Record Number of Americans Rely on Food Stamps

June 3, 2011

Congress is under pressure to cut the rapidly rising costs of the federal government's food stamps program at a time when a record number of Americans are relying on it, says ABC News.

  • On May 31, the House Appropriations Committee reviewed the fiscal year 2012 appropriations bill for the Department of Agriculture (USDA) that includes $71 billion for the agency's "Supplemental Nutrition Assistance Program" (SNAP).
  • That's $2 billion less than what President Obama requested but a 9 percent increase from 2011, which, critics say, is too large given the sizeable budget deficit.
  • A record number of Americans -- about 14 percent -- now rely on the federal government's food stamps program.
  • More than 44.5 million Americans received SNAP benefits in March, an 11 percent increase from one year ago and nearly 61 percent higher than the same time four years ago.
  • Nearly 21 million households are reliant on food stamps.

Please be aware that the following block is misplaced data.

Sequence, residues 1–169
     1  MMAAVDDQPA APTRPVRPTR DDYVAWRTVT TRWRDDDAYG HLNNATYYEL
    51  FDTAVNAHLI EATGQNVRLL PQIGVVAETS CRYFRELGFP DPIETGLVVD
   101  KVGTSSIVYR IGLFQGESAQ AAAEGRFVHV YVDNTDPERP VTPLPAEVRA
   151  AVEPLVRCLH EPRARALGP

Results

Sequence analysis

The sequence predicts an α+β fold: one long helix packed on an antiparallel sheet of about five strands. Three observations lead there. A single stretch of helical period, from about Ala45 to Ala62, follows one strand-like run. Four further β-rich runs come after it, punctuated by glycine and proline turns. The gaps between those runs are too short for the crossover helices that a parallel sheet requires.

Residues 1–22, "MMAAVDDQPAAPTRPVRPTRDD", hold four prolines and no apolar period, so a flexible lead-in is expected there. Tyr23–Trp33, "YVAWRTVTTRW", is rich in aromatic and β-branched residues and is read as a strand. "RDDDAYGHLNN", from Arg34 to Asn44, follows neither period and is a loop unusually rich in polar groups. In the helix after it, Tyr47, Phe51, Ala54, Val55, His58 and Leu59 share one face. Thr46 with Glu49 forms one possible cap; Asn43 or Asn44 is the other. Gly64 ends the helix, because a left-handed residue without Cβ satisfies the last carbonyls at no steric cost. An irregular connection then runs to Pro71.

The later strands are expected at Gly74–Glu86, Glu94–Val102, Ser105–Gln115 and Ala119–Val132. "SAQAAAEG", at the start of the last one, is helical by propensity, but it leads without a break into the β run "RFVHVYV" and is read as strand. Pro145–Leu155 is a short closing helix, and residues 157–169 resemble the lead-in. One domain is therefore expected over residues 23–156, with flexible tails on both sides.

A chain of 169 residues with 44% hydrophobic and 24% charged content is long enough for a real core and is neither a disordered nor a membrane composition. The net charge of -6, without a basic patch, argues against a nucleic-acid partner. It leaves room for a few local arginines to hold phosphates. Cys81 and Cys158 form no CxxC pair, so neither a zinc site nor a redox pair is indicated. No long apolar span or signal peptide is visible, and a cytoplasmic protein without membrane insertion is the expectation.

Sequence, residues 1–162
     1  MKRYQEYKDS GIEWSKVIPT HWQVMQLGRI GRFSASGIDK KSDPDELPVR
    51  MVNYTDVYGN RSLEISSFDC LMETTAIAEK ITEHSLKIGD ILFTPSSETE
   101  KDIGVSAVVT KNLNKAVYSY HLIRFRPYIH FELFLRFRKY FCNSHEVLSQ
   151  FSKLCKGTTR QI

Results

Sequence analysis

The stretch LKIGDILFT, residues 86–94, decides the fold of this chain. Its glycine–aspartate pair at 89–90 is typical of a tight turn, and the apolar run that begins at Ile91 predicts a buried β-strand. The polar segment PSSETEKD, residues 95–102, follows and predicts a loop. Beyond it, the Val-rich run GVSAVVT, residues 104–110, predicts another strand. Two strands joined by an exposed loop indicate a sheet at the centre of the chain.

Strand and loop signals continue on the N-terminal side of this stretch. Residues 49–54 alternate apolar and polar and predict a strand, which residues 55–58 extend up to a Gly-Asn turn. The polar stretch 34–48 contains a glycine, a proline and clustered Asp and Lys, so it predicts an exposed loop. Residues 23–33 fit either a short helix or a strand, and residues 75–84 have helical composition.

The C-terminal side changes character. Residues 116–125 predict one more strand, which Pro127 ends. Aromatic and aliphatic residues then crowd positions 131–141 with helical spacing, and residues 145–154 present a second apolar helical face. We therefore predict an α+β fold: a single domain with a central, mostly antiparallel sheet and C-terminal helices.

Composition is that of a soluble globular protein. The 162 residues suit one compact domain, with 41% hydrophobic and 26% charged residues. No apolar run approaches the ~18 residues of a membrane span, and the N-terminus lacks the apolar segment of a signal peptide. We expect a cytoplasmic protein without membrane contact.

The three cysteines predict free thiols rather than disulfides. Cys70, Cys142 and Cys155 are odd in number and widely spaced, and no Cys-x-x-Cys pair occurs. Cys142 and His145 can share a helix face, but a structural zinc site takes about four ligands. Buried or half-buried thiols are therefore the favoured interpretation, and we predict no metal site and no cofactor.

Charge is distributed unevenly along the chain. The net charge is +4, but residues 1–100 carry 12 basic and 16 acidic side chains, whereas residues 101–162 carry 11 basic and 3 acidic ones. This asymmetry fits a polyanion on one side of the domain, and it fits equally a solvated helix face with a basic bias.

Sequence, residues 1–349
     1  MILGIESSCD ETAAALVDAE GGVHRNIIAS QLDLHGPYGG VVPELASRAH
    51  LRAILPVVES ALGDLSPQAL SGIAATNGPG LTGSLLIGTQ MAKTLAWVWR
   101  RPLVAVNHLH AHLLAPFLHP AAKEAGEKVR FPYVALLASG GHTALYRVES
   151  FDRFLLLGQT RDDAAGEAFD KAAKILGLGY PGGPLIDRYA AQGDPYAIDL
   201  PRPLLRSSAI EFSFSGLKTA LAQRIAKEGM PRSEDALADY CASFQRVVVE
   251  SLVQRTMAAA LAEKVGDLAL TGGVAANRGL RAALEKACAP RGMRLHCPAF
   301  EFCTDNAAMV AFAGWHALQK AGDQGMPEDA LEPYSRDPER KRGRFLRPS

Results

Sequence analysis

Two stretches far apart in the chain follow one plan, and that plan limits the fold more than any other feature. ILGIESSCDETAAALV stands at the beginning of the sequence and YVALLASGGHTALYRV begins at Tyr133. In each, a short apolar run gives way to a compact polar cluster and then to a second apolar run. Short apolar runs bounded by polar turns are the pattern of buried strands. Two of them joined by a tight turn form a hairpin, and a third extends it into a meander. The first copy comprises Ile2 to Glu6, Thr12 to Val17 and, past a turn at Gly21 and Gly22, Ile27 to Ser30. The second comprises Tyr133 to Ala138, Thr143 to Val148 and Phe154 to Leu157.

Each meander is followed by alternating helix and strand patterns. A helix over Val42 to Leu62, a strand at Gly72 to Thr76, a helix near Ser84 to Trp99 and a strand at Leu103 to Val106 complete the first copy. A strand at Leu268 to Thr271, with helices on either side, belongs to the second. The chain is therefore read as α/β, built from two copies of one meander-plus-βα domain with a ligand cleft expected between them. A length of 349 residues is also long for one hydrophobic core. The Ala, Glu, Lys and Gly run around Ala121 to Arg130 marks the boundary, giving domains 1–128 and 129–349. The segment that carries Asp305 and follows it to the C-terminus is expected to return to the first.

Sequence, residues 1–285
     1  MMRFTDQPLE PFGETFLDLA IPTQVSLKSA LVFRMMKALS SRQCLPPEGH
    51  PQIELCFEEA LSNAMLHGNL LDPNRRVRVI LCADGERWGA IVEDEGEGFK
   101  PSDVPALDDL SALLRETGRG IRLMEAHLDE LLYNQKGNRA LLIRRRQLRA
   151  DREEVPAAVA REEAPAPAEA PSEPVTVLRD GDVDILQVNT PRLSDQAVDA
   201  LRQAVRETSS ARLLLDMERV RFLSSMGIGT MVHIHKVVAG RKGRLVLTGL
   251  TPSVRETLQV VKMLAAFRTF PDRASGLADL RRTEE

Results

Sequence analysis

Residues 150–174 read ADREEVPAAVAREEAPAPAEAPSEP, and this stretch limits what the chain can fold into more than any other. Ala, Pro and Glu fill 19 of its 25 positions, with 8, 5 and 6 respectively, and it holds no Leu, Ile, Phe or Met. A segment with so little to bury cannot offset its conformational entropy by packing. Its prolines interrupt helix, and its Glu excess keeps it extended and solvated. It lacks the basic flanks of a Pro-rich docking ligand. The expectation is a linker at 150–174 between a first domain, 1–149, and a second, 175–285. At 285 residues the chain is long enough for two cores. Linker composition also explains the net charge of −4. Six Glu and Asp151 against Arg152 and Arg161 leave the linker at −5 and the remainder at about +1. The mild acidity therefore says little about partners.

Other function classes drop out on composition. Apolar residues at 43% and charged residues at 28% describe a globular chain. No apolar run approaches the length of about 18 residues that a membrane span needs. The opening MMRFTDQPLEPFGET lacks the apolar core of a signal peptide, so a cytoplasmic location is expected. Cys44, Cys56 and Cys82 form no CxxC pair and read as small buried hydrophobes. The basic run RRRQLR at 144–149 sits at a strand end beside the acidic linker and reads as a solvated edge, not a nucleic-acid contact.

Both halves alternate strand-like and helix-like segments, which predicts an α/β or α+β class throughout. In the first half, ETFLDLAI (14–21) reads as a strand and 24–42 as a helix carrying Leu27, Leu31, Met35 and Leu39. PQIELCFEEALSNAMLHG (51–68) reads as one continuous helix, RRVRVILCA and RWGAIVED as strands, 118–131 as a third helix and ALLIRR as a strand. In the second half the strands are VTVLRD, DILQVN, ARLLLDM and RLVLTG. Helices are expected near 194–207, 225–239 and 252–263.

Opponents of the program argue that money from the food stamps budget -- with what they call its increasingly lax requirements -- needs to be shifted to other programs such as education and child nutrition.  The program's supporters argue that at a time of economic decline, such welfare programs are even more important to try to keep Americans from spiraling into poverty.

  • The cost of the food stamps program has increased rapidly since it was established by Congress in 1964.
  • It cost taxpayers more than $68 billion last year, double the amount in 2007.
  • Nutrition assistance now accounts for more than half -- or about 67 percent -- of the USDA's budget, compared with 26 percent in 1980.
  • That shift in focus, critics say, is ineffective because it hasn't put a dent in poverty or hunger in the United States while taking away money from other programs, specifically agricultural programs that should be the main focus of the agency.

Source: "Congress Mulls Cuts to Food Stamps Program amid Record Number of Recipients," ABC News, May 31, 2011.

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